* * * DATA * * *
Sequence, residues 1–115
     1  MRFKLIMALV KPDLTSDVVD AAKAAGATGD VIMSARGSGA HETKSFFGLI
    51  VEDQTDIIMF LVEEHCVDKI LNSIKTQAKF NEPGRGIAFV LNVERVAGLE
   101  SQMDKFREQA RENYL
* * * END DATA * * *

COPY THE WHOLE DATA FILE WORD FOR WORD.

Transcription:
Sequence, residues 1–115
     1  MRFKLIMALV KPDLTSDVVD AAKAAGATGD VIMSARGSGA HETKSFFGLI
    51  VEDQTDIIMF LVEEHCVDKI LNSIKTQAKF NEPGRGIAFV LNVERVAGLE
   101  SQMDKFREQA RENYL